The notion of beauty defies any attempt at limited and compartmentalized generalization. All over the world, at different times in human history, the idea of beauty has meant different things to different people, whether it he in terms of aesthetic experience, concepts of diviuity, perceptions of nature or physical form.

Beyond Definition

The concept of ‘beauty’ has never been an absolute and it will never he for there are so many manifestations, so many ways of perceiving it, so many definitions, so many notions. The most immediate is physical beauty the outer image that pleases in its very appearance and is easy to behold since it boasts perfect proportions. The human form provided the most universal inspiration for the depiction of perfect physical beauty. The Greek poets idolized it, painters painted it, sculptors sculpted it, philosophers pondered over it, and the bards sang of it. In the Indian context, physical beauty was always linked to nature. For instance, a maiden with beautiful eyes was referred to as kamal nayan (lotus-eyed) and flowing black hair was compared to ark monsoon clouds.

Experiencing beauty involves extending its landscape to include the performing arts, the senses, the fragrances, and the ambience that the viewer experiences and derives joy from.

Ways of Perceiving Beauty

There are myriad ways in which one can experience and appreciate beauty;

Beauty through participation is of the highest 3rder, since this is beauty beyond utility. The creation and celebration of beauty through subjects of beauty is an integral part of the Indian psyche. ‘Whether it is adornment of :he body or the dwelling, or making beautiful subjects of daily use—there is a vibrant connection between the maker, the object itself and the users of these objects. From the Indian point of view, the very act of creating something new, integrating the beautiful in daily living, is an evocation of Vishvakarma, the Divine Architect.

Beatuy through ritual establishes a correspondence between the microcosm and the macrocosm, between the world of humans and that of the gods, between chaos and order.

Contents

Acknowledgements11
Introduction13
Natyashastra The Beginnings3
Navarasa The Emnodiment of Flavour19
Shirngara The Rasaraja King of Rasas29
Kama The Erotic45
Kavya Beauty in Verse61
Chitra Lines of Pleasure83
Shilpa Shastra Adornment in Stone101
Sangeet Food For The Soul119
Nritya Joy In Rhytm135
Salah Shringara Adorning The Body149
Shringara In Living Culture163
Shringara From The Ancient To The Modern173
Glossary182
Photo credits192
Index193
Post a Comment
 
Post Review
Post a Query
For privacy concerns, please view our Privacy Policy

Based on your browsing history

Loading... Please wait

Related Items

Twelve Patterns of Shringara – Adornment of Shri Jagannatha Ji
Paata Painting on Patti
Folk Art from the Temple Town of Puri (Orissa)
Artist: Rabi Behera
39.0 inch X 23.0 inch
Item Code: PU07
$395.00
 With Frame (Add $275.00)
Add to Cart
Buy Now
Devi with Shringar
Wood, Bronze and Fabric From South India
23.0 inch x 16.0 inch x 7.0 inch
6.0 kg
Item Code: ZBF90
$995.00
Add to Cart
Buy Now
The Bridal Shringara
Oil Painting on Canvas
Artist: Anup Gomay
48 inch X 36 inch
Item Code: OU50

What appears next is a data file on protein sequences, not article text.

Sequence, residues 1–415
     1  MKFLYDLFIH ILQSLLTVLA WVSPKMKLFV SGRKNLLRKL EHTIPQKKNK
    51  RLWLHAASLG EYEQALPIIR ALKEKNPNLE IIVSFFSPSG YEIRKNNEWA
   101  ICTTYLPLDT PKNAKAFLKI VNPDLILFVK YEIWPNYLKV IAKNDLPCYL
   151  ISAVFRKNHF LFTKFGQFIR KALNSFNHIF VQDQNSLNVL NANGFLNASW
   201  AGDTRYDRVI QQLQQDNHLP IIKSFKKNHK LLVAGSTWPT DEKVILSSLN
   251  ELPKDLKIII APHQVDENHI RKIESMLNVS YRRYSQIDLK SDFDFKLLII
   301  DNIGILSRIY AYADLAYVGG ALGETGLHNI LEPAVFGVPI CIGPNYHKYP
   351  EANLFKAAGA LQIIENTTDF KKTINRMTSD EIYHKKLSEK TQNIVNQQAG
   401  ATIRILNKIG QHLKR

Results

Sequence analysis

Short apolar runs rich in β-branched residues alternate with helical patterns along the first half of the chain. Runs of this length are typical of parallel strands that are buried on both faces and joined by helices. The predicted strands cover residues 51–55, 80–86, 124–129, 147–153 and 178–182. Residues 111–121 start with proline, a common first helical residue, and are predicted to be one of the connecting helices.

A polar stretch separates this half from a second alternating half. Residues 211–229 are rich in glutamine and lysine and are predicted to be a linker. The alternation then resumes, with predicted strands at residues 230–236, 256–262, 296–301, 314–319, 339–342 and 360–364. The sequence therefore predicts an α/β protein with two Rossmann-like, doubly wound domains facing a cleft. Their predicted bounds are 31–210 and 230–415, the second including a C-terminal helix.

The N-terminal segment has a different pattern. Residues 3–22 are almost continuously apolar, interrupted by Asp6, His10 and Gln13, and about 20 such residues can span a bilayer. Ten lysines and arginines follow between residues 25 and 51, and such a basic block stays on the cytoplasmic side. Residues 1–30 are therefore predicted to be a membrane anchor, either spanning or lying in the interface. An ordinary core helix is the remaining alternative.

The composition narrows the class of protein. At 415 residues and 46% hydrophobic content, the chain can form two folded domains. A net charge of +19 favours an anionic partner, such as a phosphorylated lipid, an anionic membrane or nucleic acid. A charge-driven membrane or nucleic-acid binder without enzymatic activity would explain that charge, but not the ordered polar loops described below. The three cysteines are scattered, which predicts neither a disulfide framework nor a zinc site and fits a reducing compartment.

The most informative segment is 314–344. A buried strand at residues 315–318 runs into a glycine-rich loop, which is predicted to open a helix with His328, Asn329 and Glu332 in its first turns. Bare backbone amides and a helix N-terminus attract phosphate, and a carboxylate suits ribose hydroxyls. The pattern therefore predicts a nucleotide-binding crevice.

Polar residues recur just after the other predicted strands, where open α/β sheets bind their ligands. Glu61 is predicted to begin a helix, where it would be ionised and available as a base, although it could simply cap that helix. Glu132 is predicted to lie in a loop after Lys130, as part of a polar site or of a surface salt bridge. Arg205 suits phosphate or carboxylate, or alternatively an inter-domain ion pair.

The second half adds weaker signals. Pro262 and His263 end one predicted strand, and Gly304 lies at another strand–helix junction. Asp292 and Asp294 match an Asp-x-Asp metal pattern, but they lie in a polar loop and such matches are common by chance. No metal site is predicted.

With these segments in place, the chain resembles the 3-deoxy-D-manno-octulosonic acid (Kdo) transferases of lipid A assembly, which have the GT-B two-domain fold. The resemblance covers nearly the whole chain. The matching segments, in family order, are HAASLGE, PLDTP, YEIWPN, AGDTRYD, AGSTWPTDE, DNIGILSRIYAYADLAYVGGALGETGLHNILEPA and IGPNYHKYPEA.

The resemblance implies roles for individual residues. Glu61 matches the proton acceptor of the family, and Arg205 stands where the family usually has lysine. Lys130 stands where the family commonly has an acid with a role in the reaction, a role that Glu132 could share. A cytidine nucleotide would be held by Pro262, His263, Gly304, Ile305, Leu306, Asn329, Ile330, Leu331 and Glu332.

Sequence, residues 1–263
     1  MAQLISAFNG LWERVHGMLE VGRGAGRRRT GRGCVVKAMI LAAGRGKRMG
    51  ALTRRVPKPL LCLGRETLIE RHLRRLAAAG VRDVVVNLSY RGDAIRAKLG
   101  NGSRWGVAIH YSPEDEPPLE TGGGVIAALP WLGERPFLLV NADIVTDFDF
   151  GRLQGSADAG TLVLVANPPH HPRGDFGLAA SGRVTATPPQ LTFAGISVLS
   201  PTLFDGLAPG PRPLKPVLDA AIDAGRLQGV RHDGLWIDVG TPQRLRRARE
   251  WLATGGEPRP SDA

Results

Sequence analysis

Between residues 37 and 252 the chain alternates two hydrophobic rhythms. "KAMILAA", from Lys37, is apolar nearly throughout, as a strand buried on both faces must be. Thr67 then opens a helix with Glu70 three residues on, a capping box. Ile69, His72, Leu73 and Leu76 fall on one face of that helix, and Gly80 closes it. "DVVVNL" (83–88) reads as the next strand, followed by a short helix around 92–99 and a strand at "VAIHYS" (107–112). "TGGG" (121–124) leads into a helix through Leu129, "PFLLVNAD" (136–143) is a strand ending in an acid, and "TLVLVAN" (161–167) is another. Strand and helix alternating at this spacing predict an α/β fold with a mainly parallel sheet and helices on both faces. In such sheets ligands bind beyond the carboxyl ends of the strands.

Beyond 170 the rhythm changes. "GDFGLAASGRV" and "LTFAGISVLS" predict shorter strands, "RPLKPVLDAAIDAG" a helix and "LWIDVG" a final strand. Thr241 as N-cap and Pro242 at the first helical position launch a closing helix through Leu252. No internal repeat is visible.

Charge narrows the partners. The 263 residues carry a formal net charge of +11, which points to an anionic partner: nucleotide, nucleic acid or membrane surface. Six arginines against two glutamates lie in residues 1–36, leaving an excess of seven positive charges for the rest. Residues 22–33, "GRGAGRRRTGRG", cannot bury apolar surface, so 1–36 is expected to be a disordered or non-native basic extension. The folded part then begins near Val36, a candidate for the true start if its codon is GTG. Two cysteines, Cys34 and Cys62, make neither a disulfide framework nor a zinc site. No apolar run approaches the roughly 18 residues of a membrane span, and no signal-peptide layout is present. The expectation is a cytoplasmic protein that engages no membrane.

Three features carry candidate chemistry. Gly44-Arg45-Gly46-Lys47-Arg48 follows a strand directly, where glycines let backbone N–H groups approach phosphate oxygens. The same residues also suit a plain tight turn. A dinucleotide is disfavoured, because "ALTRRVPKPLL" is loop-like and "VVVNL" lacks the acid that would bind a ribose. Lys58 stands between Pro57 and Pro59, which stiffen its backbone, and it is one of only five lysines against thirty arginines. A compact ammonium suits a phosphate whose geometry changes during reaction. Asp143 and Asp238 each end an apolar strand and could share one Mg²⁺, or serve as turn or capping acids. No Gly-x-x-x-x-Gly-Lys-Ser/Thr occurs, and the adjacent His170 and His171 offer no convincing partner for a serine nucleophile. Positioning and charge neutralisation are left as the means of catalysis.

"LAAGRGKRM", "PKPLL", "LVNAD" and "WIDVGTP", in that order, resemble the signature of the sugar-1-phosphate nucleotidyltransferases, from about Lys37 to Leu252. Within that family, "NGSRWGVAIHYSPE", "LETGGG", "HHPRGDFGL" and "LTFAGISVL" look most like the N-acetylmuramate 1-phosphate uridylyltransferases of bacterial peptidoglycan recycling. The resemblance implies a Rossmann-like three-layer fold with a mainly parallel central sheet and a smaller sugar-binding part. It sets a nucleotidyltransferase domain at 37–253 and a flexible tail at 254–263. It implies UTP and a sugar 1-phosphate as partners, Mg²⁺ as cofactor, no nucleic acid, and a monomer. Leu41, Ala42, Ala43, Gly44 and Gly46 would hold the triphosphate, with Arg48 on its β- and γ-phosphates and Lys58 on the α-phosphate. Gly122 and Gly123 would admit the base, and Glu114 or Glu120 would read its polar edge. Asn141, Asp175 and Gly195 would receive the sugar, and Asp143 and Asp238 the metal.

$495.00
 With Frame (Add $275.00)
Add to Cart
Buy Now
Large Size  Looking Into The Mirror (Shringar)
Brass Statue
52" X 19.4" X 15.6"
54.5 Kg
Item Code: EQ64
$1675.00
Add to Cart
Buy Now
Shringar
Batik Painting On Cotton
2.8 ft X 3.0 ft
Item Code: BK76
$35.00
Add to Cart
Buy Now
Shringara of the Princess
Oil Painting on Canvas
34.5 inches X 46.5 inches
Item Code: OR71
$395.00
 With Frame (Add $275.00)
Add to Cart
Buy Now
Shringar of the Lady
Oil Painting on Canvas
23.0 inches X 34.0 inches
Item Code: OR59
$295.00
 With Frame (Add $225.00)
Add to Cart
Buy Now
Shringar The Ras Raj: A Classical Indian View
by Ved Bhatnagar
Hardcover (Edition: 2004)
Abhinav Publications
Item Code: IDI737
$60.00
Add to Cart
Buy Now

Testimonials

I received my black Katappa Stone Shiva Lingam today and am extremely satisfied with my purchase. I would not hesitate to refer friends to your business or order again. Thank you and God Bless.
Marc, UK
The altar arrived today. Really beautiful. Thank you
Morris, Texas.
Very Great Indian shopping website!!!
Edem, Sweden
I have just received the Phiran I ordered last week. Very beautiful indeed! Thank you.
Gonzalo, Spain
I am very satisfied with my order, received it quickly and it looks OK so far. I would order from you again.
Arun, USA
We received the order and extremely happy with the purchase and would recommend to friends also.
Chandana, USA
The statue arrived today fully intact. It is beautiful.
Morris, Texas.
Thank you Exotic India team, I love your website and the quick turn around with helping me with my purchase. It was absolutely a pleasure this time and look forward to do business with you.
Pushkala, USA.
Very grateful for this service, of making this precious treasure of Haveli Sangeet for ThakurJi so easily in the US. Appreciate the fact that notation is provided.
Leena, USA.
The Bhairava painting I ordered by Sri Kailash Raj is excellent. I have been purchasing from Exotic India for well over a decade and am always beyond delighted with my extraordinary purchases and customer service. Thank you.
Marc, UK
TRUSTe
Language:
Currency:
All rights reserved. Copyright 2017 © Exotic India